“It is alleged that DGH officials entered into a criminal conspiracy with GX Technology and misused their official position to award the contract for Speculative Seismic Survey to gxt by fraudulently representing the cost-effectiveness. Thereby GXT made pecuniary advantage and the Government of India sustained wrongful loss,” the CBI said in response to Outlook queries. Accordingly, a case alleging criminal conspiracy, cheating and misuse of official position to get monetary benefits has been registered.
In the case of the speculative survey undertaken by DGH, no costs were involved from the government side. However, during the roadshow for exploration blocks, a part of the millions raised from sale of data to prospective investors is to be shared with the government. If the cost of the survey is high, the government revenue share is reduced. A parallel probe into DGH’s alleged pro-RIL bias for monetary considerations is also on, the CBI added. If the bureau does file an FIR on DGH’s links with RIL, “where there is clear evidence that Sibal had taken material considerations,” says energy consultant T.N.R. Rao, then “the conglomerate could become a co-accused”.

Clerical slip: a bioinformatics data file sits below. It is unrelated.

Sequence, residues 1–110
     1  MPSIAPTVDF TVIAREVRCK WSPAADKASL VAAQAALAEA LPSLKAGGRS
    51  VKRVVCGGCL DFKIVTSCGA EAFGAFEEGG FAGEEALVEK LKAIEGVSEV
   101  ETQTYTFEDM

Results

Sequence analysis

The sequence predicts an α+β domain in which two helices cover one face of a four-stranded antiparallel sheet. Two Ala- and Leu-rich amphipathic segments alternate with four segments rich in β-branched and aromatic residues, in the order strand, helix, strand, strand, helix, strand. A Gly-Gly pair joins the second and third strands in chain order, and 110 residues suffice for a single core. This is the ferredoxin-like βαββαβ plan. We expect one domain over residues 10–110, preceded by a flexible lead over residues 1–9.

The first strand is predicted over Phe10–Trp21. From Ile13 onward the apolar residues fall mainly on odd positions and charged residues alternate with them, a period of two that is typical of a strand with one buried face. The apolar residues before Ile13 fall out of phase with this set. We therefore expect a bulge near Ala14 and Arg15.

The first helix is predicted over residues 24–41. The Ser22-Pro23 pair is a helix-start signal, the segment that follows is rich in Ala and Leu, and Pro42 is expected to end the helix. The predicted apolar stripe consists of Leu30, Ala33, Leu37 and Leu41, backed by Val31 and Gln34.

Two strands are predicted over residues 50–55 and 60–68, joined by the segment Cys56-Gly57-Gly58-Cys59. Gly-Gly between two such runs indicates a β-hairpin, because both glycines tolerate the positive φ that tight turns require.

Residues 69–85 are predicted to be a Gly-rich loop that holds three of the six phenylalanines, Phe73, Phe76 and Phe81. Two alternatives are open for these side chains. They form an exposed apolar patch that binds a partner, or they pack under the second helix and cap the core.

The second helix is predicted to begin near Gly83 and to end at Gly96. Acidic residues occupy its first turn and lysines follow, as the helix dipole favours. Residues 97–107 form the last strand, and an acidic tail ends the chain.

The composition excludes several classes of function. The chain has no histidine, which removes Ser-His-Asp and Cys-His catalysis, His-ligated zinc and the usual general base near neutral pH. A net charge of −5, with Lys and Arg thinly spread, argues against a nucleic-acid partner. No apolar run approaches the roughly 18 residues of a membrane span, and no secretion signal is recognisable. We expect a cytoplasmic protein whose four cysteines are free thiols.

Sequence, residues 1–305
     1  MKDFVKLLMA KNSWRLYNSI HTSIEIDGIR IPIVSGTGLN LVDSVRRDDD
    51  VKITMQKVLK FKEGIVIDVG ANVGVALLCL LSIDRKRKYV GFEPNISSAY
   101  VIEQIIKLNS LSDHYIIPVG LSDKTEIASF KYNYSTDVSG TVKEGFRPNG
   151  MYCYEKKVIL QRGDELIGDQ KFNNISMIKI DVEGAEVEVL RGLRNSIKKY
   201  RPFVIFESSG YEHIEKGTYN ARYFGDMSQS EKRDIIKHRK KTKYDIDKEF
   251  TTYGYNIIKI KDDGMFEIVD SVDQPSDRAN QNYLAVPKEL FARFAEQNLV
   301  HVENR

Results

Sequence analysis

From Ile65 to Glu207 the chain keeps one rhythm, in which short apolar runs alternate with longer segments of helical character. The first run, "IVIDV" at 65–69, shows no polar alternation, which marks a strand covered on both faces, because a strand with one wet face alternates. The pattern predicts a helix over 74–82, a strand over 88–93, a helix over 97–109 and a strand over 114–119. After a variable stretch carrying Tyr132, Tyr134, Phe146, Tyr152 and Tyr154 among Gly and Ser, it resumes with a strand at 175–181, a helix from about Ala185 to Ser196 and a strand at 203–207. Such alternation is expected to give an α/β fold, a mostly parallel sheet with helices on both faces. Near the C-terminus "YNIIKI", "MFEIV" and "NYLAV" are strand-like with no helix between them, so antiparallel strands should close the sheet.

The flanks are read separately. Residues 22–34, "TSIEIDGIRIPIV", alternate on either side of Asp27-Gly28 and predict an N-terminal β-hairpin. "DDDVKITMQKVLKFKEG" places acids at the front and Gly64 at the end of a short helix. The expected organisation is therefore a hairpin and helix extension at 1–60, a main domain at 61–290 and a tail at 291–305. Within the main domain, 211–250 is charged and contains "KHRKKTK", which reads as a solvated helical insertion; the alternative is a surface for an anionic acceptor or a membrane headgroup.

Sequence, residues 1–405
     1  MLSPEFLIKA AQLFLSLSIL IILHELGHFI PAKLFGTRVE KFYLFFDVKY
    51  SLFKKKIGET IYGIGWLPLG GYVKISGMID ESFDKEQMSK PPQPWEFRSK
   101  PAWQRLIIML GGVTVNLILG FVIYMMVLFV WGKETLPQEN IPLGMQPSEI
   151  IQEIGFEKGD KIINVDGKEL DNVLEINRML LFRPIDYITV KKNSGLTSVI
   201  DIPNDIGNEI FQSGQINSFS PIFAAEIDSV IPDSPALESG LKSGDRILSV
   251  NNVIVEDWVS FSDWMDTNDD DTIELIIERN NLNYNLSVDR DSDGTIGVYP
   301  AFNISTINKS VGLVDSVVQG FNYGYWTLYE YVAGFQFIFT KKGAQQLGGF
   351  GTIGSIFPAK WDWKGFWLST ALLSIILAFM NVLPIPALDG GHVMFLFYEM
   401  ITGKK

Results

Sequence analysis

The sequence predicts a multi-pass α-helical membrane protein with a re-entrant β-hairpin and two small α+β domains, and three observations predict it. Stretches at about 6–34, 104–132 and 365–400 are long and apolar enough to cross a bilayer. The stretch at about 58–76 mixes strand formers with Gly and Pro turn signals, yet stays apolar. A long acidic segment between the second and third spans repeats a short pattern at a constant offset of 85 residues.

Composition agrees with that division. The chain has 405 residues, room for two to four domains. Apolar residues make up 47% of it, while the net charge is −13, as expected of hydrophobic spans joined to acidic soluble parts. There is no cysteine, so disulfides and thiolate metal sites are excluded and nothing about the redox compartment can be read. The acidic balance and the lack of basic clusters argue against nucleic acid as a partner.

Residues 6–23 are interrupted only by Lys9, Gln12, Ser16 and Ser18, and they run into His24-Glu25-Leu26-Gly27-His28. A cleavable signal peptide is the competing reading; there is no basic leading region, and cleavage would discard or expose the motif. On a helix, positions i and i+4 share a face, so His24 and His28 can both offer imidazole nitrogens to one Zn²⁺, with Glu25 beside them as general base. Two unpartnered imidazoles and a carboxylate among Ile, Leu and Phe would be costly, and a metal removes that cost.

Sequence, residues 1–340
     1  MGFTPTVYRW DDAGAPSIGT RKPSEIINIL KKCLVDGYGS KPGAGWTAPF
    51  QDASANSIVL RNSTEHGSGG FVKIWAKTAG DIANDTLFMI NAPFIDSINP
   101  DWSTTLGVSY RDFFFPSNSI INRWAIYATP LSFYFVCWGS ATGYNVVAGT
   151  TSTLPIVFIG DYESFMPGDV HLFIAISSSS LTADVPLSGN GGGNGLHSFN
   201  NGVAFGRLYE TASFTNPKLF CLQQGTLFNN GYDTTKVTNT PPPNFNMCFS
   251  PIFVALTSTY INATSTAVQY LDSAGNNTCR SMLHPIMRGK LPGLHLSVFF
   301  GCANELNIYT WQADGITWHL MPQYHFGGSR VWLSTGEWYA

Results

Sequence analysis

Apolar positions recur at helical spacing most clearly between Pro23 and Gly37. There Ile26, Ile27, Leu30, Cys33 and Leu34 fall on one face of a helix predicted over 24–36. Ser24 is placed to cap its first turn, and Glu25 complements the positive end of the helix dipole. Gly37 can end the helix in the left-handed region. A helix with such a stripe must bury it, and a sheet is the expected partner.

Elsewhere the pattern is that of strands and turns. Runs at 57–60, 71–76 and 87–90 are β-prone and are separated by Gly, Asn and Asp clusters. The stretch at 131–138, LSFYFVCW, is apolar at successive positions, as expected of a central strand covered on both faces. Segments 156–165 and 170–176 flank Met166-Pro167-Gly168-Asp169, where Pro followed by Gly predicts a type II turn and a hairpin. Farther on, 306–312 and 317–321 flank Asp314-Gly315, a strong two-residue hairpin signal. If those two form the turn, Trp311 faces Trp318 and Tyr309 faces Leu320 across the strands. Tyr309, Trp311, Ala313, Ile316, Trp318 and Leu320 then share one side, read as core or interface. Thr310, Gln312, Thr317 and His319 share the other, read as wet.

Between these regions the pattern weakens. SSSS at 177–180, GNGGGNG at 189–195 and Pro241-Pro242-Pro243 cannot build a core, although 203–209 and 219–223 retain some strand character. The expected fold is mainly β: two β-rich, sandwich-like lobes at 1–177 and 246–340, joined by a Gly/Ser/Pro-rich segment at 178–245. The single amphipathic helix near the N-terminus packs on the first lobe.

While acknowledging Sibal’s knowledge, technical competence and ability to come up with game-plans, official sources stress that “the integrity” factor had to prevail as the DGH is facing charges of having taken decisions for monetary gains. In its defence, sources close to RIL justify the hike in operation costs to the changing global scenario leading to a sharp rise in exploration costs.
Stating that “nothing has been lost as yet”, Deora is of the view that if the final CAG report is able to establish gold-plating charges against RIL, the government can still plug the potential revenue loss due to escalated capital expenditures. That may be so. But experts feel that the DGH alone is not to be blamed for the lapses. They hold petroleum ministry officials on its board, overseeing its functioning, equally responsible for “missing” crucial meetings. A top government functionary wondered whether the lapses blamed on DGH are owing to “studied neglect or a simple oversight” by the ministry officials.